Advancing your supply chain career will lead to more attractive job opportunities. Your application will stand out from the others, helping you increase your salary. You can advance your supply chain career over time with these strategies.

Get a degree

Most companies will ask hopeful supply chain managers to produce a bachelor’s degree for their application. Some companies will even ask for a master’s degree. Each of these degrees gives you a leg up on other applicants. You don’t have to get a degree from the top school. Any degree gives you a better chance than no degree at all.


Professional certifications demonstrate specialized skill sets. You won’t need certifications for most supply chain jobs. However, they strengthen your application and can lead to an interview.

Work Experience

Companies hand top-paying jobs to the most experienced workers. Building up work experience will strengthen your case and lead to higher pay. Entry-level jobs and internships help you build experience. These jobs demonstrate hands-on experience that can help you land a better job in the future. 

Do More Than Required

Companies give raises to employees they want to keep. Make yourself a critical component to the company’s success by doing more than required. Take on extra responsibilities and help in multiple areas. Work as if you are getting paid more, and you will soon get paid more.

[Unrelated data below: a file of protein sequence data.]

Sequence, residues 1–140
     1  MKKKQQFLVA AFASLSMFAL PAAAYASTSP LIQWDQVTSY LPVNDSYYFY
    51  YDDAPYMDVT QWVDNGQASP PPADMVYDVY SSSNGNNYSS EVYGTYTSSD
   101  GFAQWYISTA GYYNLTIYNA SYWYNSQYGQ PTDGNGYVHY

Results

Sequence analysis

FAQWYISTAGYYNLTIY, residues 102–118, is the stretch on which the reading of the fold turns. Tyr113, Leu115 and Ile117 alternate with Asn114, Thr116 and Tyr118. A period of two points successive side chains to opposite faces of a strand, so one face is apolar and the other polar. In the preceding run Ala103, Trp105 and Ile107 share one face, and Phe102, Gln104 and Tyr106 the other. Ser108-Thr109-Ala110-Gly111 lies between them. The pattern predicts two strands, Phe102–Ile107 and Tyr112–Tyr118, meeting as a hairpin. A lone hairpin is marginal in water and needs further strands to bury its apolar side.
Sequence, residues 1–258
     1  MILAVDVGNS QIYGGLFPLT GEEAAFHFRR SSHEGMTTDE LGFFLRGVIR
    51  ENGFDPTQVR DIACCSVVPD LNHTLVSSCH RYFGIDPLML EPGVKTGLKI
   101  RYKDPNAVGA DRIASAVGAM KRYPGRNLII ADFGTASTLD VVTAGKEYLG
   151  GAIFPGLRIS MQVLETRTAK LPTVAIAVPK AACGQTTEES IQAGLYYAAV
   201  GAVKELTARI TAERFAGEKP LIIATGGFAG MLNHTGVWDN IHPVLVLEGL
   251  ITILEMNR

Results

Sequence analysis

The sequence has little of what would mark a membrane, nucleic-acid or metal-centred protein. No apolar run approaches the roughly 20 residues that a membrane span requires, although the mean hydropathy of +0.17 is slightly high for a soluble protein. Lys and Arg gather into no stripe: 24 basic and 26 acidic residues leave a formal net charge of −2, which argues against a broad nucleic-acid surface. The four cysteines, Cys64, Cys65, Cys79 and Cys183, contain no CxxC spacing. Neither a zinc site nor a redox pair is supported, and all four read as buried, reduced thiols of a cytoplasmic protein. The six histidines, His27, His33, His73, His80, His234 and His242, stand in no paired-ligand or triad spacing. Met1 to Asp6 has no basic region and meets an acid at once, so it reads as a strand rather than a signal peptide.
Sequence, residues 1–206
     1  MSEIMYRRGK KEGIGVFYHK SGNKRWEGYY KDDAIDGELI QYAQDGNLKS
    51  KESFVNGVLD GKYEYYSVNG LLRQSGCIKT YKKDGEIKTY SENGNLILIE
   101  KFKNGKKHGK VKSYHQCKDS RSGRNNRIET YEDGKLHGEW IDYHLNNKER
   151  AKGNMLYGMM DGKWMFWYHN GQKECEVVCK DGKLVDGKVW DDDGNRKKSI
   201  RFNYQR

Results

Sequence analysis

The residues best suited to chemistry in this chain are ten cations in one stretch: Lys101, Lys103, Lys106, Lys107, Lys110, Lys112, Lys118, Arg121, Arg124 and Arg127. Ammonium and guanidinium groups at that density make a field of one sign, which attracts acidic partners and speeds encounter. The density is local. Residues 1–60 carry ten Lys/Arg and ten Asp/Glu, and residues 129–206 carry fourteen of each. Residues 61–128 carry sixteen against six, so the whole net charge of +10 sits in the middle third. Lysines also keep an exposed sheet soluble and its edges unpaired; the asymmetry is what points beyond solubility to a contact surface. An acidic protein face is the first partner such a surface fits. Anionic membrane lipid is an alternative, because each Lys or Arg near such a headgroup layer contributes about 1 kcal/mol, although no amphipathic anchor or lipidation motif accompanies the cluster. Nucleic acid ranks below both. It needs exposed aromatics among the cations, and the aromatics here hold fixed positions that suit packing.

Entry Level Supply Chain Jobs Represent the Beginning

Entry-level supply chain jobs provide easier access to a salary. You get many benefits and become part of an essential part of the economy. Gaining experience and certifications will strengthen your career and lead to higher pay in the future. It’s possible to rise through the ranks with hard work and persistence.


How do I start a career in supply chain?

Starting a career in supply chain often begins with obtaining a degree in supply chain management, business, or a related field, followed by gaining experience through internships or entry-level positions in areas like purchasing, logistics, or inventory management. Earning professional certifications, like those from the Association for Supply Chain Management (ASCM), can also enhance your credibility in the field.

Is supply chain career worth it?

A career in supply chain management can be worth it, as it offers a diverse range of roles with opportunities for problem-solving and strategic thinking, and it typically provides competitive salaries. Moreover, due to the essential role of supply chains in global commerce, these roles often come with a high level of job security.

Is supply chain a stable career?

A career in supply chain management is generally stable, given the critical role of efficient supply chains in nearly every industry, ensuring a consistent demand for skilled professionals in this field. However, like any career, it may be subject to economic fluctuations and industry-specific disruptions.